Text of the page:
The problem with animal rights activists is that they spead so much false information. They make grossly misleading films and websites. One very deceitful example, was a video making a big deal about slurry pits during which they also filmed an irrigation system, implying that the irrigation system was spraying slurry which it was not. Animal rights activists are hypocrites at best, preaching a bunch of lies to con gullible people out of their money. Most are looking for nothing more than donations so they don't have to do an honest days work anywhere. The internet is full of plagiarisms and false claims made by animal rights quacks who possess no acutal knowledge. They only know other false informaton they have read by someone else who also actually knows nothing.
Real witnessed, factual information
This photo taken several days after our young cow was killed. You can see where a coyote had held her by the nose while others ate away at her ass and milk bag, torturing her to death. Now my wife had never touched a gun in her life, and she swore she never would, right up until those coyotes killed her cow. This was a small Jersey cow that had a twelve-week-old calf, thank God it was old enough to survive without it's mother. At the time, we didn't have a small caliber rifle that would reach the 220 yards where the coyotes were eating our young cow, and my 308 didn't have a scope on it yet, so I just scared them away with a missed shot. I promptly started research to correct this problem. Research that would include both rifles and coyotes.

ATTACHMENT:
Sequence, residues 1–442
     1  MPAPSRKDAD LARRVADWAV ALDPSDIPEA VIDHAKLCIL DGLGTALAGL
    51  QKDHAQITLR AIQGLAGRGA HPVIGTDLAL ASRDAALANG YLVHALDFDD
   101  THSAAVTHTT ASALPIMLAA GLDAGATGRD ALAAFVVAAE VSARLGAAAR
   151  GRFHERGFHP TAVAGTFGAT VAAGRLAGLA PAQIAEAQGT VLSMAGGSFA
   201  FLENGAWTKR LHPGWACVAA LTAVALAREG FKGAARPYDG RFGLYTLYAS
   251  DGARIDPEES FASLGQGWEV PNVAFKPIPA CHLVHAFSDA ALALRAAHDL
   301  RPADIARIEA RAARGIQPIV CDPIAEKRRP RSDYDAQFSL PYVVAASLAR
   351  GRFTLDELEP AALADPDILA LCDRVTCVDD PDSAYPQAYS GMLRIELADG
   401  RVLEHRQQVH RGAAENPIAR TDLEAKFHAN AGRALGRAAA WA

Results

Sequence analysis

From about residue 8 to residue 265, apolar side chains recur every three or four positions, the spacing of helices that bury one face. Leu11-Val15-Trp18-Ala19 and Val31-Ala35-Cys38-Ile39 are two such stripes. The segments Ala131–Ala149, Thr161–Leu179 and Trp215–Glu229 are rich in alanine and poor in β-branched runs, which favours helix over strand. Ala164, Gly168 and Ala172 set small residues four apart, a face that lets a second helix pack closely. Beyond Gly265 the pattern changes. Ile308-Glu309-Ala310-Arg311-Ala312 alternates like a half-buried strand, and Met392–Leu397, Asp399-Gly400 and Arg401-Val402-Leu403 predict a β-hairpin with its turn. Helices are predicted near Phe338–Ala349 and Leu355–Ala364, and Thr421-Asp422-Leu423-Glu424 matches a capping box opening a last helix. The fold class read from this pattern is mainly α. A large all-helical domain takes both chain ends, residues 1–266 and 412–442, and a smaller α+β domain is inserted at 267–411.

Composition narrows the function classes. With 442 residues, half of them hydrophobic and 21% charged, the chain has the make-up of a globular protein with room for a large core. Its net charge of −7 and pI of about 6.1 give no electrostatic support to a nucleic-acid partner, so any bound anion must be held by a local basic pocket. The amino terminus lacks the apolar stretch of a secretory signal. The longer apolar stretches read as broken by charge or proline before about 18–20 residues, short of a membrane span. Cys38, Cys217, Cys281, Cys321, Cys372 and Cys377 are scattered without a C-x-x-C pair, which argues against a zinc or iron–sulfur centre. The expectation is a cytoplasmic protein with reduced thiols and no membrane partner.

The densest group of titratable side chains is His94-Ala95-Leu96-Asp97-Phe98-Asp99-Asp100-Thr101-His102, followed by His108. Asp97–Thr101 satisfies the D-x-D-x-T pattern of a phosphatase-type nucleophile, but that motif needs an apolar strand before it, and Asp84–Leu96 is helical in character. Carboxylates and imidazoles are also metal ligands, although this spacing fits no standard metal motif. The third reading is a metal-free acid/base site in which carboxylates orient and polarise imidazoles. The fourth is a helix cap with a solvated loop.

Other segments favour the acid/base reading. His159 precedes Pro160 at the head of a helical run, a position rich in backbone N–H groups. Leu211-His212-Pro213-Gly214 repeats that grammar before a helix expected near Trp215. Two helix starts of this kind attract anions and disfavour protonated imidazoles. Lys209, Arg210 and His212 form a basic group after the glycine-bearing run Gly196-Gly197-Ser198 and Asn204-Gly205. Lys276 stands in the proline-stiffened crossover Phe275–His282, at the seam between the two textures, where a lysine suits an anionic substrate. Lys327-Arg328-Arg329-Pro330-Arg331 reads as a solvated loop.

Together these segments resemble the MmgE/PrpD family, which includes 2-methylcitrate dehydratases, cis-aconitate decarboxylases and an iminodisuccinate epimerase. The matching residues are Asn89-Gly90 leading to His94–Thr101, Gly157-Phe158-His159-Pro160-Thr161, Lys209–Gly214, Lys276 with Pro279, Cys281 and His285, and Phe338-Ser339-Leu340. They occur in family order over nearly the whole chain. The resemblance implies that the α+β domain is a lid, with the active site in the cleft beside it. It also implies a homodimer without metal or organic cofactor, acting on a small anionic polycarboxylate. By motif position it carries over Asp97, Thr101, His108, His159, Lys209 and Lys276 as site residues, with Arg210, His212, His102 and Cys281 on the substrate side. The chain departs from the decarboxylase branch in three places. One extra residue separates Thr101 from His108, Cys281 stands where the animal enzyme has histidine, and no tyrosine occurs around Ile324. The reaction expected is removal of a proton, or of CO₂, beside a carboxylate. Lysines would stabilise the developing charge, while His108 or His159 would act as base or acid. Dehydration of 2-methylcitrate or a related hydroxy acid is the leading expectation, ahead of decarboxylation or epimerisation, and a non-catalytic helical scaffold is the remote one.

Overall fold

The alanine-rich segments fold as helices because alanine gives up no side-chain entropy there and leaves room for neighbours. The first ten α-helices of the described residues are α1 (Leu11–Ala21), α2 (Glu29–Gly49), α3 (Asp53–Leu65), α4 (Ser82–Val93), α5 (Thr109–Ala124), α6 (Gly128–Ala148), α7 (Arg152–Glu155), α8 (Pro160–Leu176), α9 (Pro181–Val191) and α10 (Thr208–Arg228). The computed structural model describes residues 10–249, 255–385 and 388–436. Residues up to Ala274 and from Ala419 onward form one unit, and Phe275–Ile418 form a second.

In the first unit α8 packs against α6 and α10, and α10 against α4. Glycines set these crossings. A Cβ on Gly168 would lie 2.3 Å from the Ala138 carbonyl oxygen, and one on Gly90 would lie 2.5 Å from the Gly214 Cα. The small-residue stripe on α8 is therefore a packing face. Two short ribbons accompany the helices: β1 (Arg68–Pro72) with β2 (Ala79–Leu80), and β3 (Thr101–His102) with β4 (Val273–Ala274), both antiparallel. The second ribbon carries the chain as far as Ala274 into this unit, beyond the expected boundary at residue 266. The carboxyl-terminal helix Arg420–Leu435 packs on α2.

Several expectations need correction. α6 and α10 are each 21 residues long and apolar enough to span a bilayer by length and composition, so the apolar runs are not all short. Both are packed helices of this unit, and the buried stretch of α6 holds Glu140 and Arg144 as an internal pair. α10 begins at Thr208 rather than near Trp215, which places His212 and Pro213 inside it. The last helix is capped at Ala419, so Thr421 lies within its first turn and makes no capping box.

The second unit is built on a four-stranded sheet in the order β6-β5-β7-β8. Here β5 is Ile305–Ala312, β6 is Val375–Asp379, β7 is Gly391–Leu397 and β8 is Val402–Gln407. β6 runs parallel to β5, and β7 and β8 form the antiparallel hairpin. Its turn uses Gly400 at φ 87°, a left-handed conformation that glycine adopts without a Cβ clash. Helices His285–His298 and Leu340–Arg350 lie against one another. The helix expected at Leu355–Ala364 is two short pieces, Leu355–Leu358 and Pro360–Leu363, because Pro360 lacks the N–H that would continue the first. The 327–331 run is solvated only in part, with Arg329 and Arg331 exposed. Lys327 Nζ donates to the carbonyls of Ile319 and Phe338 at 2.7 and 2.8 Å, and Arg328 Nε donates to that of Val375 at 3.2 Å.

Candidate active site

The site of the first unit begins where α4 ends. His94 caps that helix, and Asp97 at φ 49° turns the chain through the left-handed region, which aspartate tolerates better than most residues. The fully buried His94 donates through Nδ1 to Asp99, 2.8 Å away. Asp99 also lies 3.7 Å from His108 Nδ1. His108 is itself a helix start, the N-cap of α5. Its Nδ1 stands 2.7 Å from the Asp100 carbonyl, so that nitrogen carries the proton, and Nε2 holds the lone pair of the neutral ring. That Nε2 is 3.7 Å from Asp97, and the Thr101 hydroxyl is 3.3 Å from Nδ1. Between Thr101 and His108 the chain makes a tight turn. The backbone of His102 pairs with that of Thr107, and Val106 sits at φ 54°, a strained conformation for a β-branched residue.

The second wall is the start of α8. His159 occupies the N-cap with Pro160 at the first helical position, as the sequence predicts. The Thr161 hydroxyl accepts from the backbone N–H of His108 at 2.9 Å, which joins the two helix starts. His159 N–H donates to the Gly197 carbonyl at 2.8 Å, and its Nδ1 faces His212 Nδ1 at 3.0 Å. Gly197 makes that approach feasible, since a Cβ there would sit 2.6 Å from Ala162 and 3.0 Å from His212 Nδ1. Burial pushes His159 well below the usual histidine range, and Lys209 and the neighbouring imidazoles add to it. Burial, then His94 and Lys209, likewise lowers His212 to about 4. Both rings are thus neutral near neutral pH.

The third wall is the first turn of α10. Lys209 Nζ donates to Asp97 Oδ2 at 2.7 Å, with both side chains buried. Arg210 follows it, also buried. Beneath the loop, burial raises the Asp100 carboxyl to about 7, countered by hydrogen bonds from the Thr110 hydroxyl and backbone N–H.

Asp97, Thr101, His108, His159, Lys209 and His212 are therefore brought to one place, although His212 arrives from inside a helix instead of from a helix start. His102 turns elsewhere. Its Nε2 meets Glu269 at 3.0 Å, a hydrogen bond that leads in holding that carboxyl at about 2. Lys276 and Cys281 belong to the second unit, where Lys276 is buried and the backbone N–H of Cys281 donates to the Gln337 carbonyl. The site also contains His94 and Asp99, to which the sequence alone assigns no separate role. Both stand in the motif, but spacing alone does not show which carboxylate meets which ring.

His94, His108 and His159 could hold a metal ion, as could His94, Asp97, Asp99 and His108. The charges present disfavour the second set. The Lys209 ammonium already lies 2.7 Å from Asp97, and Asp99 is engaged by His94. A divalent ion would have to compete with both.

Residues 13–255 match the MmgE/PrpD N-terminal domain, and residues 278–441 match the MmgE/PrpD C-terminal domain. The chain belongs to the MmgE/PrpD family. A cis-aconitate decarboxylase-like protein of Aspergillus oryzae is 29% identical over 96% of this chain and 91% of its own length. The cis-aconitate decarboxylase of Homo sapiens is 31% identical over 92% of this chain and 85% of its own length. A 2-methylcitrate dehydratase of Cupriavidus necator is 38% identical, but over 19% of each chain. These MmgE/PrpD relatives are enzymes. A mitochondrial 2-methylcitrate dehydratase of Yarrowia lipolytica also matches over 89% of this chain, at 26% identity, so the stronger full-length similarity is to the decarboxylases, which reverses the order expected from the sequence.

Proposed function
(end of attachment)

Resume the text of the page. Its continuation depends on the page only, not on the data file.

We promptly moved our cattle to a pasture closer to the barn to deter the coyotes, leaving our dead cow out there for them to eat while we sought information on an effective rifle. This fresh kill, nor moving the cows did anything to deter the coyotes. On the second day after the kill of our young cow, we looked out the window in the morning to find a coyote sitting and watching the rest of the herd, just 150 yards from our house. With over 700 pounds of two-day-old meat laying on the ground already, this coyote was looking for another fresh kill.
Diurnal (Primarily active during the day)? Where this idea originated I just can't figure, it makes no sense to me, and it just isn't true. It does not agree with what we see on our night vision scopes and cameras. Only hunger brings coyotes out during the day. Think about it this way: A 30 pound coyote needs roughly 390 calories just to maintain it's weight, and it hasn't even expended any energy hunting yet. During an average night of hunting, that same coyote will burn at least another 700 calories. It don't have a choice, it's got to spend energy to get energy. It's kind of like your car, you've got to burn gas to go get gas. A coyote can't go to Walmart or McDonald's and get a bunch of fat food, and get obese while sitting on the couch looking at Facebook like humans can. They have to get out and forage for their groceries, and they burn a lot of calories in the process. A coyotes meal comes with a lot of hard work, and they need a lot of food to make up for that work. The easy meals come at night when their prey is out, and has their guard down. The primary prey of coyotes are rabbits and rodents which are also out in numbers at night probably a lot because it's cooler, and maybe because they think they can't be seen either. In any case, through our night vision equipment, we can see the rodents and rabbits in the fields as they are moving about. Coyotes hunt all night long, then they go to their resting places for the day only coming out if starvation drives them to do so, that's what our observations prove.